by Florine Thompson Norbury, 1976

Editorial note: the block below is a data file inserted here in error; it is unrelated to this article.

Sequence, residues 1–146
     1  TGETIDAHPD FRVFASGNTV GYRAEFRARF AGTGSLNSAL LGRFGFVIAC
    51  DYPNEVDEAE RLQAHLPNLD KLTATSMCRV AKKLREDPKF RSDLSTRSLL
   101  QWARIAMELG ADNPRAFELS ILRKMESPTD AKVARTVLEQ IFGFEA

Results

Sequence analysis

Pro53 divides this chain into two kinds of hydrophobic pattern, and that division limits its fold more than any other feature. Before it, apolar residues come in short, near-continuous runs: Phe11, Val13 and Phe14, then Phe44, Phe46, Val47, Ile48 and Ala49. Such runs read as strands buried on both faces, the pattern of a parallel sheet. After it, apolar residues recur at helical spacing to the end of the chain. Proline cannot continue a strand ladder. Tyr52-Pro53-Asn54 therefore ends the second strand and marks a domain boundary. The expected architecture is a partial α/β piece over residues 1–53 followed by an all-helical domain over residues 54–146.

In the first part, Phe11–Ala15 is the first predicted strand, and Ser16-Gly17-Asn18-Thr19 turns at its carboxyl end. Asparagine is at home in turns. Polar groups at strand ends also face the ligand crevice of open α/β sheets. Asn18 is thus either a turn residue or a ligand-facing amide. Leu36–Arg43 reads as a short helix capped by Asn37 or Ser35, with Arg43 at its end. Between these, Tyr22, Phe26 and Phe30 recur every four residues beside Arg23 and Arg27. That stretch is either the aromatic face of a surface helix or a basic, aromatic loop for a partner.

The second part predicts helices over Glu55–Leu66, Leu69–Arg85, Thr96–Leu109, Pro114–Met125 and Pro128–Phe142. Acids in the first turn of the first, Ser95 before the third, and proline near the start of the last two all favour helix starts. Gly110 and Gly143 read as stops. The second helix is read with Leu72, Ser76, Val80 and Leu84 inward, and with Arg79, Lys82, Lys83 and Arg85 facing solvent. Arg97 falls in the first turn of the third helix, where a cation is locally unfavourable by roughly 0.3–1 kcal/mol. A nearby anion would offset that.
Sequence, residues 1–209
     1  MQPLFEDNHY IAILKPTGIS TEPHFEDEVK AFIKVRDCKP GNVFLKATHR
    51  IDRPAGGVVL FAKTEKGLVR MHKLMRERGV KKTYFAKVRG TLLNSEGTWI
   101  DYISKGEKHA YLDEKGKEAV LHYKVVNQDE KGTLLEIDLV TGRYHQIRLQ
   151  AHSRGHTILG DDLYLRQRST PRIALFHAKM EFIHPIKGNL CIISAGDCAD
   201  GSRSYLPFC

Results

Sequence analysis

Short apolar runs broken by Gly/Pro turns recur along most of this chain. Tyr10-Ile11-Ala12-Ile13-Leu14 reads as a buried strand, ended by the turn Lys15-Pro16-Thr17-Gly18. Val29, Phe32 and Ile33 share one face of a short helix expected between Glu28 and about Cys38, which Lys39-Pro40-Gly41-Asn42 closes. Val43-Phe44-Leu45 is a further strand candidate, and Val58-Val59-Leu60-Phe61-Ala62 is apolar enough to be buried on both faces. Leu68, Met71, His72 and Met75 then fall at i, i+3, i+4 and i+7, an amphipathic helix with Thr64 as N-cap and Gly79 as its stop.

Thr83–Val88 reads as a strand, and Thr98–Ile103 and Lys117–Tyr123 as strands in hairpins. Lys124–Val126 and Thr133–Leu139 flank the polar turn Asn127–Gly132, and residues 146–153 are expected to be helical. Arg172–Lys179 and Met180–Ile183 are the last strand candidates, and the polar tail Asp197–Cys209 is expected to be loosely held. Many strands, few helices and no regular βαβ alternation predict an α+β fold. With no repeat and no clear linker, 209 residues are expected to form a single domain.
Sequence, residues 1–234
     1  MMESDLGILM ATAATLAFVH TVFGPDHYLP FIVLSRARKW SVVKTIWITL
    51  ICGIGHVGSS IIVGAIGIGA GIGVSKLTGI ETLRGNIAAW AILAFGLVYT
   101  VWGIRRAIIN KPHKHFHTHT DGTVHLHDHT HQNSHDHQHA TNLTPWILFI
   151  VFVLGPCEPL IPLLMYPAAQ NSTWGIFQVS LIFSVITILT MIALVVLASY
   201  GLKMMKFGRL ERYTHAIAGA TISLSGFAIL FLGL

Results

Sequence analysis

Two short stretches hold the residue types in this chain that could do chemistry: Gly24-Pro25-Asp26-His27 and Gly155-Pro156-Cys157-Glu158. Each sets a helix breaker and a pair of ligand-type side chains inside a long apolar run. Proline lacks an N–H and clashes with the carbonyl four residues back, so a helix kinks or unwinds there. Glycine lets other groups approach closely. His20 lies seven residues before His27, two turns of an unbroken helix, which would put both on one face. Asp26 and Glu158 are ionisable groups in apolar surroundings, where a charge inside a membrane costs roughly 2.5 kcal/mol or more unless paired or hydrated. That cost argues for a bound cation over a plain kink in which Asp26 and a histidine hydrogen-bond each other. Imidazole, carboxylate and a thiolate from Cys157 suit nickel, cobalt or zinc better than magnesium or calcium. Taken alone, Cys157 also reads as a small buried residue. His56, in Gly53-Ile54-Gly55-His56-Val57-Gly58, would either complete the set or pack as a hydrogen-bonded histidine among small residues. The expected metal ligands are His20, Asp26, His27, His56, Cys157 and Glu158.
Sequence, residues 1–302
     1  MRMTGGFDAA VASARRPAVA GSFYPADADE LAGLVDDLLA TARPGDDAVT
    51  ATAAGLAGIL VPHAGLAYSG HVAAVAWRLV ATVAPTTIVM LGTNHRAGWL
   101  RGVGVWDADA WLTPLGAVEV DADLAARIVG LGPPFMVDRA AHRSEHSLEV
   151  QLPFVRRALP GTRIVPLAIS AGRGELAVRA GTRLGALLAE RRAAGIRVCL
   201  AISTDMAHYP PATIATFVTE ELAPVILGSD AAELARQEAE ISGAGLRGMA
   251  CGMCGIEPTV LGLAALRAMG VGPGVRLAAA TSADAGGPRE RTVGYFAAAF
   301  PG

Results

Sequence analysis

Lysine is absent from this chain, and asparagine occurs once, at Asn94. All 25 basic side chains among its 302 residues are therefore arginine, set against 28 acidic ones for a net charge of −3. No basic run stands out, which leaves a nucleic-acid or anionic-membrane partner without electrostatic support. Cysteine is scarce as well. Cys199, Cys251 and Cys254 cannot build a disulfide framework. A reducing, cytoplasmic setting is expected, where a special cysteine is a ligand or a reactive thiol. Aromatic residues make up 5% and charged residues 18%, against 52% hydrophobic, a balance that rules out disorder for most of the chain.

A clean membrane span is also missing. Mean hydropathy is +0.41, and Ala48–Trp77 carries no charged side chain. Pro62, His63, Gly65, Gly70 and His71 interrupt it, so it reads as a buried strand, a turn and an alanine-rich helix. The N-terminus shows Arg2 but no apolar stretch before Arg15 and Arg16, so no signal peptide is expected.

“For some reason, while James B. Sutherland was mayor in1925, the light poles were moved from the corners and placed down the middle of the street. Why?  (Maybe to slowdown all those Model T hotrodders!) By 1926 plans were in operation to build an all weather highway through town. It was made from brick and nicknamed the ort Line. It officially became first US 73 E and later changed to US 69. The coming of the 40s brought the usual wartime prosperity. Many live yet today who can remember the old stockyards where untold numbers of cattle, hogs, sheep and horses were penned to be shipped to as far away as France; the bandstand that stood in the middle of Main and Second Street crossroads and later moved up in the street by the churches – finally ending it’s days as a corncrib at Hans Farms; the hitching racks on the side street off main, the stores staying open at night and on Sunday morning; the outdoor movies that were shown in the street every Thursday night; the Old Mill that forced the Short Line into a curve around it (burned and rebuilt at least three times); the guilty ones that had to sneak up the stairs for a hand with the Lion Tamers; the big shade trees lining Main Street while the cars were parked in the middle of the street . . .”